All patients were evaluated using the prototype UBM machine (Paradigm Medical Industries Inc, Salt Lake City, Utah, USA). UBM features included: 1) lesion thickness, which was measured using the calipers of the UBM machine; 2) corneal touch; 3) surface plaque, shown as a superficial layer of hyporeflectivity beneath the surface of the lesion; 4) internal structure (regular and irregular) (in those cases in which an irregular internal structure was noted, we also recorded the presence of linear streaks or dots); and 5) internal reflectivity, which was arbitrarily divided into 3 categories (high, medium, and low reflectivity), determined by comparison to the reflectivity of the iris stroma, which was considered as medium.
Definition of Growth
A substantial growth was defined if the iris lesion showed an increase in basal diameter and/or thickness (assessed by UBM) of ≥20% from the previous visit (6 months earlier), or if there was a progressive increase in a basal diameter or thickness over 2 or more consecutive visits.
Descriptive statistics, including medians, minimums, maximums, and percentages, were used to describe the patient population. Frequency differences between subgroups were analyzed using Fisher exact test. Wilcoxon rank sum test was used for comparing the continuous variables of the larger basal diameter and lesion thickness between subgroups. All P values were 2-sided. Results were considered significant if the P value was less than or equal to .05. Statistical analysis was performed using Version 9.2 of the SAS system and User’s Guide (SAS Institute, Cary, North Carolina, USA).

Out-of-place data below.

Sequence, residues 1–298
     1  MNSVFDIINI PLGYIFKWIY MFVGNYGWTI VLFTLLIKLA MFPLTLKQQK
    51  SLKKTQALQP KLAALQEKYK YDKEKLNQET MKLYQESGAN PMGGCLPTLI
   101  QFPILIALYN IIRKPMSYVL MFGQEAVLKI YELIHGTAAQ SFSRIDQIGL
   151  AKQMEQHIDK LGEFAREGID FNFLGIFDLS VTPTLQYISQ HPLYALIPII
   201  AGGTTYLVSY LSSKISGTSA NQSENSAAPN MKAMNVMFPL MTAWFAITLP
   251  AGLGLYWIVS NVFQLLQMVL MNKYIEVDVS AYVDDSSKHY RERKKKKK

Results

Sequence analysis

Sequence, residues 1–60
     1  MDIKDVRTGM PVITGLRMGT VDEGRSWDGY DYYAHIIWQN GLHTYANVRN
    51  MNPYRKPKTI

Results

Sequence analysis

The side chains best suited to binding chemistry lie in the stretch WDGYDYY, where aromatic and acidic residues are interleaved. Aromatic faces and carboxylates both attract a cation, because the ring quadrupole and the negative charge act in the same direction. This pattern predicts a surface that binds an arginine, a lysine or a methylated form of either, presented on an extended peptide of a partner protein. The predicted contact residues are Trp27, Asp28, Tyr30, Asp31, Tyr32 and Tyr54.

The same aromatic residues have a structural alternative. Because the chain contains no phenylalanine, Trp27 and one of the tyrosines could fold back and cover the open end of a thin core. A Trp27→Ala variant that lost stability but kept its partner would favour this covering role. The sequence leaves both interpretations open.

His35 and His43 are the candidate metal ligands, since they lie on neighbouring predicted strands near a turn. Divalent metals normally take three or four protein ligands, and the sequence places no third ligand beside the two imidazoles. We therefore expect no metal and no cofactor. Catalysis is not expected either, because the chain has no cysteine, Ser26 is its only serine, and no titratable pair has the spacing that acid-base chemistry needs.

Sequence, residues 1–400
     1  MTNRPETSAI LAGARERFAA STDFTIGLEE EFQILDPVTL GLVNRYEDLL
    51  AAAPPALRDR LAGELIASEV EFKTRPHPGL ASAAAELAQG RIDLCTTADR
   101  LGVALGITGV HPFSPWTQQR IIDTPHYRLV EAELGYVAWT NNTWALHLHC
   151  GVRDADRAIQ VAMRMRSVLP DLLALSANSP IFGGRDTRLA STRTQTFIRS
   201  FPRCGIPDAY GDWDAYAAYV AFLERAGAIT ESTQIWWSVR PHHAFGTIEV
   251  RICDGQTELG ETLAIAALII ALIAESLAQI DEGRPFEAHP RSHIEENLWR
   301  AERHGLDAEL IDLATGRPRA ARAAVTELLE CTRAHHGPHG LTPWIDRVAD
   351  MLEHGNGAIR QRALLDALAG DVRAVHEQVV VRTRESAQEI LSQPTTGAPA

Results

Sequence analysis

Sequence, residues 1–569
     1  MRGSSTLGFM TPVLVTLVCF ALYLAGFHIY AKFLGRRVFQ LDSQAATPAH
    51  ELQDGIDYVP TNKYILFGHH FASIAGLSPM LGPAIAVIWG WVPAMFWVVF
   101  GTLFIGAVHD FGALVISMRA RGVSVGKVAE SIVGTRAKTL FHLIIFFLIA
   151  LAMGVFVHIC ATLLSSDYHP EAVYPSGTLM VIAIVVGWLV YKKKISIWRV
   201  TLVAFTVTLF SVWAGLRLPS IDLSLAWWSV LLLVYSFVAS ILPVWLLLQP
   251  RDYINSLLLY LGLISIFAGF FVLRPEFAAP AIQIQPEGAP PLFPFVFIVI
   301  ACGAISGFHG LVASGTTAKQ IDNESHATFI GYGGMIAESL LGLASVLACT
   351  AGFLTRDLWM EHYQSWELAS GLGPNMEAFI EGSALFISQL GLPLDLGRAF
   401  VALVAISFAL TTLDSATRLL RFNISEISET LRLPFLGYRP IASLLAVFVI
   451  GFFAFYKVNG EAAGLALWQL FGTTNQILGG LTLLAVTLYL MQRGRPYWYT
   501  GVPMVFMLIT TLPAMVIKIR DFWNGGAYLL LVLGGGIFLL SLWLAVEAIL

Forty-five patients did not meet the inclusion criteria as described above. Forty-four patients were included in the analysis. Mean follow-up was 33.6 months (range 12−51 months). The mean number of visits was 4.2 (range 2−8). The average age at the time of the first visit was 59.67 years (range 32−90), with 18 patients (41%) being male. Twenty-six patients (59%) had the iris lesion in the right eye. Forty-three eyes (98%) had a blue-green iris. The most common diagnosis at the time of the first visit was iris nevus in 30 eyes (68%).
The summary of all clinical and UBM features for the 44 patients is shown in Tables 1 and 2 respectively.
|Characteristics||Entire Cohort (n = 44)||Lesions That Grew (n = 10)||P Value|
|Larger basal diameter at baseline, mean (range) (mm)||3.63 (1.1−10.3)||5.06 (1.9−7.2)||.004|
|Epicenter clock hour|
|10:30 to 1:30||1||1|
|1:30 to 4:30||13||1||.004|
|4:30 to 7:30||19||8|
|7:30 to 10:30||11||0|
|Location of the epicenter of the lesion|
|Involvement of the pupil and/or angle|
|Configuration of the lesion|
|Characteristics||Entire Cohort (n = 44)||Lesions That Grew (n = 10)||P Value|
|Thickness at baseline, mean (range) (mm)||0.96 (0.5−2.3)||1.3 (0.6−2.2)||.01|
Cases With Documented Growth
Of the 44 eyes included in the study, 10 (23%) demonstrated documented growth clinically, noted by an increase in the largest basal diameter as previously defined ( Figure 1 ) . The mean follow-up period was 21.4 months (range 10−48 months) prior to the documented growth. All of these eyes had blue/green irides. The mean largest basal diameter at baseline was 5.06 mm (range 1.9−7.2 mm) for the lesions that grew, compared to 3.63 mm (range 1.1−10.3 mm) for the complete cohort ( P = .004). The mean thickness was 1.36 mm (range 0.6−2.2 mm) for the lesions that grew, compared to 0.96 (range 0.5−2.3) of the complete cohort ( P = .01).